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The company is betting that you need an artificial intelligence robot with a projector.

TechnologyThe company is betting that you need an artificial intelligence robot with a projector.

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One of the world's largest technology trade shows has always featured individual gadgets that scoot in and out of rooms, control smart- home devices, or project streaming shows onto walls. A spherical home robot called Ballie, aimed at charming skeptical consumers who need a little extra help around the house, is combining all of those capabilities into its next big bet. This is the first serious attempt at developing a home companion robot, not just a motorized appliance such as a clever vacuum cleaner. Customers will be able to bring a bowling ball-size Ballie home in 2024. The official start of the Consumer Electronics Show is Tuesday, where artificial intelligence androbotics are expected to loom larger than ever. The company aims to release a robotic home companion that can move, learn, comprehend and engage in complex conversations. Amazon's Astro robot, first introduced in 2021, was received as more of a novelty than a productive member of the household. Share this article.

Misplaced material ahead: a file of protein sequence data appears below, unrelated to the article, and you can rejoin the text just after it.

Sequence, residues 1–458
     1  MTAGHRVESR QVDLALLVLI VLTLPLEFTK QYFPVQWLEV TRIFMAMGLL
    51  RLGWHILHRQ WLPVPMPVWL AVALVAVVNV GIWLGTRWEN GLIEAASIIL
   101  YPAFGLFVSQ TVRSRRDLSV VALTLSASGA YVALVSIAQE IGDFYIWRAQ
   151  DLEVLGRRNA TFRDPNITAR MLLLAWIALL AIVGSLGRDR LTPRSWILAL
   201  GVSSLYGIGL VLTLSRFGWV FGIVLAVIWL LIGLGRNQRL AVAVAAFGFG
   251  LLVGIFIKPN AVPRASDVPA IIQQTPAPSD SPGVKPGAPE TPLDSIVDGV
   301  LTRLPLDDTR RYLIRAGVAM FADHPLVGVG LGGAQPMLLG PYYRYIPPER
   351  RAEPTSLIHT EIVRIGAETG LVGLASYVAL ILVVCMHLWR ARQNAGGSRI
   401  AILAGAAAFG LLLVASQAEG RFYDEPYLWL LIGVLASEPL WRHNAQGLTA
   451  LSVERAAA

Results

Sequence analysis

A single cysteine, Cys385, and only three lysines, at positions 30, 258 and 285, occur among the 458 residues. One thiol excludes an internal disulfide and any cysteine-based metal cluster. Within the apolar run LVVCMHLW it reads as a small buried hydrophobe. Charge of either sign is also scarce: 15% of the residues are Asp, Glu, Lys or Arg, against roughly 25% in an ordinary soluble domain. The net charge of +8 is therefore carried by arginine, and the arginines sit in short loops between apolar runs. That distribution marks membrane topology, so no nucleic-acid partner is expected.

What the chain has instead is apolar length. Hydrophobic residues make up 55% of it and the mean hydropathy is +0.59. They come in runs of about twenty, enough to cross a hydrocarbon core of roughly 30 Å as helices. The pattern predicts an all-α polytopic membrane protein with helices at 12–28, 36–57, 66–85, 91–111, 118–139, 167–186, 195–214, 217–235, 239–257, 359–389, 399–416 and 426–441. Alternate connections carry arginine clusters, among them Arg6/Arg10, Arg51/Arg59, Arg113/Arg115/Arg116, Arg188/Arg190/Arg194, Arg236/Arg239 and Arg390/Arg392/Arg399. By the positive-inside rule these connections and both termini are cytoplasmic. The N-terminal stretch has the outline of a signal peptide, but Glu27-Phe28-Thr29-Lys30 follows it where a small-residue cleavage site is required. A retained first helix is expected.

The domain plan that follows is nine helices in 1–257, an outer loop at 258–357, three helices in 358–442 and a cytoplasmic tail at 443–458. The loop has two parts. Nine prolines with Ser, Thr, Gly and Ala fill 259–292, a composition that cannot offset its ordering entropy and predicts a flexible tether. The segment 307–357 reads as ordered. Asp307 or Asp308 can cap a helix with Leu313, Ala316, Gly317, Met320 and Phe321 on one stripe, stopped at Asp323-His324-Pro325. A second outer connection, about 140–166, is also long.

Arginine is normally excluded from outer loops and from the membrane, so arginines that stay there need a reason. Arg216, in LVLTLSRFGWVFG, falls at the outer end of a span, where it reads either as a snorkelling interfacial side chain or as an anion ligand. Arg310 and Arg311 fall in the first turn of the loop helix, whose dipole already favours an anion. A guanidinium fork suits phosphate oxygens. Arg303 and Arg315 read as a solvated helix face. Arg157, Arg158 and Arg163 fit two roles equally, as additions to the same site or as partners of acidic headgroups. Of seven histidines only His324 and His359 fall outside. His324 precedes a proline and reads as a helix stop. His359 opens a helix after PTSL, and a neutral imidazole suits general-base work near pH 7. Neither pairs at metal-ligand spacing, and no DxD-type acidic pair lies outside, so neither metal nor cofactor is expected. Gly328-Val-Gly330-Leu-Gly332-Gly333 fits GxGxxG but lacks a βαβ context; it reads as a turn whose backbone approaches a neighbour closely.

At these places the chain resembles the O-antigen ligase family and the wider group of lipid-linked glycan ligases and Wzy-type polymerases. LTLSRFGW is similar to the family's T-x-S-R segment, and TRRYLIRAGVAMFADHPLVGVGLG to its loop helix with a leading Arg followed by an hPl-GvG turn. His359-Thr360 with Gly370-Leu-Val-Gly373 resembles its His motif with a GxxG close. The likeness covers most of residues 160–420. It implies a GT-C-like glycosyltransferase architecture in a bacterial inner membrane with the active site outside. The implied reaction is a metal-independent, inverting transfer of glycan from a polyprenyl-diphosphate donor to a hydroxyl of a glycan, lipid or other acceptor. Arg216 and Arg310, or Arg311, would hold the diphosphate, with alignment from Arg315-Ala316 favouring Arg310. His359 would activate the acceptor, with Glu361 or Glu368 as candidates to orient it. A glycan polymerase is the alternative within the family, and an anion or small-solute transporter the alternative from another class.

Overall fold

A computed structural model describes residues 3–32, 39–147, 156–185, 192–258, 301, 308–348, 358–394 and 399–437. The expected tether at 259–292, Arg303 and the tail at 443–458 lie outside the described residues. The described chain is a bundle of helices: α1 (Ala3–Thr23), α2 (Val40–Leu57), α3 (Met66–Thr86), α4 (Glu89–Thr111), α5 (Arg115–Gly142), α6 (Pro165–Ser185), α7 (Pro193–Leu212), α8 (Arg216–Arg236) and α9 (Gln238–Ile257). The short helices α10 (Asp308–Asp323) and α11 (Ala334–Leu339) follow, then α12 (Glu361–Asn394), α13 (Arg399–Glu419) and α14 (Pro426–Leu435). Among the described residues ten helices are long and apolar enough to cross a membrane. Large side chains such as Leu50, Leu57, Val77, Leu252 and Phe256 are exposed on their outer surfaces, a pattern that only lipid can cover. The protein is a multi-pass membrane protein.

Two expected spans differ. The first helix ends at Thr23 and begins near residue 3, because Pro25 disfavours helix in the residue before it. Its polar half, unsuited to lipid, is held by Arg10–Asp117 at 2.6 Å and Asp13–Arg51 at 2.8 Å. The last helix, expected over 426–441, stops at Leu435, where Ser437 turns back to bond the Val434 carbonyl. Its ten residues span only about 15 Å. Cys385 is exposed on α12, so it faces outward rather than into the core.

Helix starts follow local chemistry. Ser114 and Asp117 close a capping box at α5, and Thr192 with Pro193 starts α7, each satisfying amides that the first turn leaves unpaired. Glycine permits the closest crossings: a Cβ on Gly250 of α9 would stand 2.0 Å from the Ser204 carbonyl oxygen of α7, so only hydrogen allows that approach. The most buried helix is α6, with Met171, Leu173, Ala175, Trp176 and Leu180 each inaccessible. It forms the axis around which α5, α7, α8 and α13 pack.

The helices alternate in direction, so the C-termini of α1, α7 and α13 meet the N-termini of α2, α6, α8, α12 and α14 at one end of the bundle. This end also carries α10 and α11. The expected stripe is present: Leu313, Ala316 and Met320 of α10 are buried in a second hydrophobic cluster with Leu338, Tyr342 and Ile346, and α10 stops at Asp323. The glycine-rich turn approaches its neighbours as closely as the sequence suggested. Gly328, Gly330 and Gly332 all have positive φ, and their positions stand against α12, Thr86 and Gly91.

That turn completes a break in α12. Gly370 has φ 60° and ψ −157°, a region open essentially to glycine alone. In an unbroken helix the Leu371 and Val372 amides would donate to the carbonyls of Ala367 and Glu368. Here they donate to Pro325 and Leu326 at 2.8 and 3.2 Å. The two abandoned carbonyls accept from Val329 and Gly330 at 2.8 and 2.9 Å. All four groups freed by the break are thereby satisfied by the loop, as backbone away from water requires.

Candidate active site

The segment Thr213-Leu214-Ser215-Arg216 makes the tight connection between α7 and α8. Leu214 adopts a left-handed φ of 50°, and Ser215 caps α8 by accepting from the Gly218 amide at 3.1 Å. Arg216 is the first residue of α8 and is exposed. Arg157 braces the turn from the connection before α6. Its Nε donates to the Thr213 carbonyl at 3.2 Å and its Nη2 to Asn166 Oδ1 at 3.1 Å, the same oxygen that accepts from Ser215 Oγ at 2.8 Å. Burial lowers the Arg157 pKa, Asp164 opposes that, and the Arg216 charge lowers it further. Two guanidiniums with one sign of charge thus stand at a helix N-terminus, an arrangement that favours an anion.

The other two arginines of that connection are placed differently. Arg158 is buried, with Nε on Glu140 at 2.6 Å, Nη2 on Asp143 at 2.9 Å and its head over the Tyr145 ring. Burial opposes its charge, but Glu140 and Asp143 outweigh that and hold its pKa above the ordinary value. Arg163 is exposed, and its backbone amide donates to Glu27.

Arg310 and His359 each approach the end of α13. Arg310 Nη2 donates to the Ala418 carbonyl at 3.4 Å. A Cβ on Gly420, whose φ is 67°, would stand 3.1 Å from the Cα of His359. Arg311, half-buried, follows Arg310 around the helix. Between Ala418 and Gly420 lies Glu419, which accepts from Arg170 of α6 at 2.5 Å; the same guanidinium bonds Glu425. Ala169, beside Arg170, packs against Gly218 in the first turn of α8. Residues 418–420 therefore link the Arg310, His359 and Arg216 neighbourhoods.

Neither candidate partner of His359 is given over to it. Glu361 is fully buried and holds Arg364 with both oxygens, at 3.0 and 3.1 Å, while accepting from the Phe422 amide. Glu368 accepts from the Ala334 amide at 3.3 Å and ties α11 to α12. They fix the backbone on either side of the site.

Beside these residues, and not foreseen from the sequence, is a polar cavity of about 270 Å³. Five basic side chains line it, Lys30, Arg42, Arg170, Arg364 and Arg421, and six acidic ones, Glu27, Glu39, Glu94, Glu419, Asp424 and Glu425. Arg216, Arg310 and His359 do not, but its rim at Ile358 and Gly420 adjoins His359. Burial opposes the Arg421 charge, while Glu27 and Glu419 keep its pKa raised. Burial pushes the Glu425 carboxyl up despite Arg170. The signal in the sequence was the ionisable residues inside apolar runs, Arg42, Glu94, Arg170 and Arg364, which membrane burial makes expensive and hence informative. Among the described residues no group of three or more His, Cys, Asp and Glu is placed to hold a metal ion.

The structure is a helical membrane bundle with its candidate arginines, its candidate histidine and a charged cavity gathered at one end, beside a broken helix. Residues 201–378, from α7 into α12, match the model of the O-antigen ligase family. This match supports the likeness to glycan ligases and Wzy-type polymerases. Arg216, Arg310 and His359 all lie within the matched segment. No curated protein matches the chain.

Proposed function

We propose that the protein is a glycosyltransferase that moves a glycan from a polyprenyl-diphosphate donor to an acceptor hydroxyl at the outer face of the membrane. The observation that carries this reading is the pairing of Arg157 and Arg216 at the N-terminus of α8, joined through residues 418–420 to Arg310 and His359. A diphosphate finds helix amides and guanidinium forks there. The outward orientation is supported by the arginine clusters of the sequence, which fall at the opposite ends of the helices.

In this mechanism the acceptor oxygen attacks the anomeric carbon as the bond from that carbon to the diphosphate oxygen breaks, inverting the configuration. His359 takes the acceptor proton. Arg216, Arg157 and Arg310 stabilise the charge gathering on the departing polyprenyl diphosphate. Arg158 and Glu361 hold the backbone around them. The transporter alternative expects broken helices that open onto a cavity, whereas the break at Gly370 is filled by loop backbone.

Softbank pushed Pepper, a humanoid robot with a tablet for a chest, for close to a decade before quietly winding down production in 2021. The director of the Personal Robots Group at the MIT Media Lab developed a machine called Jibo, but it didn't last. If you want a little bit of everything, it makes sense to invest in a home robot. Ballie has a spatial lidar sensor that helps it navigate rooms and obstacles as it patrols your home, and a built-in projector that allows the robot to project movies, video calls and even greetings on surfaces near and far. Ballie will respond with the aid of a chatbot when you send a text message, such as "feed the dog and play its favorite video", while the robot is mostly meant to be controlled with voice commands. Ballie can respond to the presence of members of your household by turning on connected lights and non-smart devices when you walk through the front door. Chung says that Ballie will pick up on residents' preferences so that it can cuddle up to some of them while giving others a wider berth. Chung says the robot will make sure you give water to your plants at the right interval, and he considers Ballie a potentially potent tool for senior care, alluding to features that allow the robot to offer greater access. This is a lot for a single device to accomplish, and a gulf between promise and execution could be a problem for the company. If Ballie fails, he hopes it will help prove that the company is committed to making it a success. Chung points out that some of the appliances and gadgets we use now weren't part of our lives 10 years ago.

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